The use of CT scans in studies on the TMJ was a significant advance in the research of morphology of these structures and the diagnosis of pathologies that are difficult to identify by conventional radiographs. This is the method of choice for obtaining images of bone structures. Additionally, this examination allows real and precise measurements of the structures under analysis. Unfortunately, most traditional CT scanners are large and expensive systems, and are not readily available to orthodontists. Today, with CBCT, these examinations became more accessible to orthodontists, because of more compact equipment that is affordable for small diagnostic centers, and with less radiation than conventional CT scans.

The purpose of this study was to investigate, with CT imaging, the condyle-fossa relationship, the position of the condyles in their respective mandibular fossae, and the dimensional and positional symmetries between the right and left condyles in a sample of subjects with normal occlusion.

Material and methods

After ethical committee’s approval, thirty persons with normal occlusion, ranging in age from 15 to 32 years, had CT scans of their TMJs. All participants met the following requirements: all permanent teeth erupted except third molars, no functional mandibular deviations, no evident facial asymmetry, first molars and canines in a Class I relationship, canine guidance with no working or nonworking side interferences on lateral excursions, anterior guidance with no posterior interferences, normal overbite and overjet, and no crossbite. Patients with temporomandibular disorders were not included in the sample.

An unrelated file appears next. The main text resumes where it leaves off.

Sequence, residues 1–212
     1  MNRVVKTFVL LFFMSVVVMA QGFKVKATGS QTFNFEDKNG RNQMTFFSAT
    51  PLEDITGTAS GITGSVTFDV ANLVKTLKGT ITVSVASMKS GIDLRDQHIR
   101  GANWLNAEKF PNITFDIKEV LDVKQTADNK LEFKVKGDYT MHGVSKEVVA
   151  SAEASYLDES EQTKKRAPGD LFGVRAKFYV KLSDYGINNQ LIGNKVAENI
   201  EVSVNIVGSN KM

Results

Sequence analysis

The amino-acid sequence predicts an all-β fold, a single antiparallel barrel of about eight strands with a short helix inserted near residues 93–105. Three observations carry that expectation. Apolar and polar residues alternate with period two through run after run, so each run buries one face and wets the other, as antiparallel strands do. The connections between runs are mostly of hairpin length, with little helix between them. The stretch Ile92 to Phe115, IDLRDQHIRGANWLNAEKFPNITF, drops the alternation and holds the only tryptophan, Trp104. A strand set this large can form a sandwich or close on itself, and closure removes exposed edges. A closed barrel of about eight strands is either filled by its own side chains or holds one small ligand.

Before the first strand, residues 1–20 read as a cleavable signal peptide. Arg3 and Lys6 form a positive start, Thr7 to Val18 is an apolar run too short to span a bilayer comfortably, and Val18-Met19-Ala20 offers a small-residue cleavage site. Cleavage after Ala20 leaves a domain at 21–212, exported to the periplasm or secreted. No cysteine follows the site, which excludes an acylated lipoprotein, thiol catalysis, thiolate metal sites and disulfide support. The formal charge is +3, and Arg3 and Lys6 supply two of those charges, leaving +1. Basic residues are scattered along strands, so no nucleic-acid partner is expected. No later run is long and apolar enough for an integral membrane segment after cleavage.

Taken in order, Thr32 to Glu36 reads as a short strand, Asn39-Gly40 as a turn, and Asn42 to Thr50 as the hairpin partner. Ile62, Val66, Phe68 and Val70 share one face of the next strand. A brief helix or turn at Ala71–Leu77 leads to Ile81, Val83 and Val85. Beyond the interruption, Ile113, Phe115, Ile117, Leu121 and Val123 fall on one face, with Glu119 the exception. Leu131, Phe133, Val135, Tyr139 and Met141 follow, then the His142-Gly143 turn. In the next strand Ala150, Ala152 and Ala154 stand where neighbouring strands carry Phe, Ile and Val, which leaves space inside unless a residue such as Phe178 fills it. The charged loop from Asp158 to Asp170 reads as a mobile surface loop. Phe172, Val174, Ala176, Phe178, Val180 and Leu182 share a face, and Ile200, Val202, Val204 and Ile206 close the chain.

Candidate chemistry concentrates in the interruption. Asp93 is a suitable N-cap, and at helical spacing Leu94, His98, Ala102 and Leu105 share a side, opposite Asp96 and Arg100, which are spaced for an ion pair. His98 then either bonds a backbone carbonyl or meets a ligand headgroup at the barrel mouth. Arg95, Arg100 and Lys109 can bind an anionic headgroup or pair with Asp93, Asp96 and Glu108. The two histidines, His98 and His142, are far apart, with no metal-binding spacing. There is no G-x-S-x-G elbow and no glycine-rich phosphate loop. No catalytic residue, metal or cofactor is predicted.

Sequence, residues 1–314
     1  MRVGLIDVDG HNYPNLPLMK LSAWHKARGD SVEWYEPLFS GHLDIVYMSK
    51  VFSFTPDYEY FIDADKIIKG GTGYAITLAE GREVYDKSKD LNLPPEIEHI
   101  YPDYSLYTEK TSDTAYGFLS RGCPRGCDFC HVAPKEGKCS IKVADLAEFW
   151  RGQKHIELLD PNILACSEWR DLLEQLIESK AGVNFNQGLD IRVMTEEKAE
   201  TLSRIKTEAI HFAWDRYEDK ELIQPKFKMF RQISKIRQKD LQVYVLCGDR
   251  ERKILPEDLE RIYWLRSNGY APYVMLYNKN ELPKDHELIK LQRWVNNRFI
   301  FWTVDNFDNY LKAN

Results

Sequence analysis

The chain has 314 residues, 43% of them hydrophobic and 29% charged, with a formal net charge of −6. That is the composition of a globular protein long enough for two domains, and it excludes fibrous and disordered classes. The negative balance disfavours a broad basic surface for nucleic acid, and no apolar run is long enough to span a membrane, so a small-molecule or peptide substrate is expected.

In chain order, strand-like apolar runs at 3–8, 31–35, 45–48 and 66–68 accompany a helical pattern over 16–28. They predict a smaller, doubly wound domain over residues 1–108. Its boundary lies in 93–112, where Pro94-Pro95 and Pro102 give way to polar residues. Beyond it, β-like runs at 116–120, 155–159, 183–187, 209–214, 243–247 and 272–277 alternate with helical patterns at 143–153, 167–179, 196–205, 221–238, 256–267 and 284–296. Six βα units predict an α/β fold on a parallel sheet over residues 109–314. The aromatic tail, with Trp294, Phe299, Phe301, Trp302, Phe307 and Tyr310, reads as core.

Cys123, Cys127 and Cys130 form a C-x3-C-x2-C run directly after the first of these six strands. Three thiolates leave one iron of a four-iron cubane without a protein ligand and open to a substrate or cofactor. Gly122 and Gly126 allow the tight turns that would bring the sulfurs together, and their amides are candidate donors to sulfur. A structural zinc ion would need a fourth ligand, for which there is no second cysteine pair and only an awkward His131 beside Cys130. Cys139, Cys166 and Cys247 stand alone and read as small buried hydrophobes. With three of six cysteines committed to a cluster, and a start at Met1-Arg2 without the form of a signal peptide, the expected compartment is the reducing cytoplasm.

The methodology we used was described by Vitral et al and Vitral and Telles.

The CT images were obtained with patients in maximum dental intercuspation, and their heads were positioned so that the Frankfort and midsagittal planes were perpendicular to the floor. The helicoidal, multi-slice CT scan was performed with a Somaton Spirit device (Siemens, Xangai, China) at 120 kV and 160 mA. We obtained 1-mm thick tomographic imaging slices spaced at 1-mm intervals, using the helicoidal technique. Because this procedure provides images in the axial plane, it was reformatted to produce images sagittally. The selected imaging slices were processed in the same equipment.

The measurements were determined by tracing the selected image structures. As in most CT images, the dimensions did not correspond to the real sizes of the structures. Therefore, a scale for measurement conversion was determined for each image. The following measurements were assessed on the sagittal plane.

  • 1.

    Depth of the mandibular fossa: measured from the most superior point of the fossa to the plane formed by the most inferior point of the articular tubercle to the most inferior point of the auditory meatus ( Fig 1 ).

    Fig 1
    CT image representing the depth of the mandibular fossa.
  • 2.

    Anterior joint space: the shortest distance between the most anterior point of the condyle and the posterior wall of the articular tubercle ( Fig 2 , a ).

    Fig 2
    CT image: a , anterior joint space; b , superior joint space; c , posterior joint space.
  • 3.

    Superior joint space: measured from the shortest distance between the most superior point of the condyle and the most superior point of the mandibular fossa ( Fig 2 , b ).

  • 4.

    Posterior joint space: represented by the shortest distance between the most posterior point of the condyle and the posterior wall of the mandibular fossa ( Fig 2 , c ).

The following measurements were assessed on the axial plane.

  • 1.

    The largest anteroposterior diameter of the mandibular condylar processes ( Fig 3 , a ).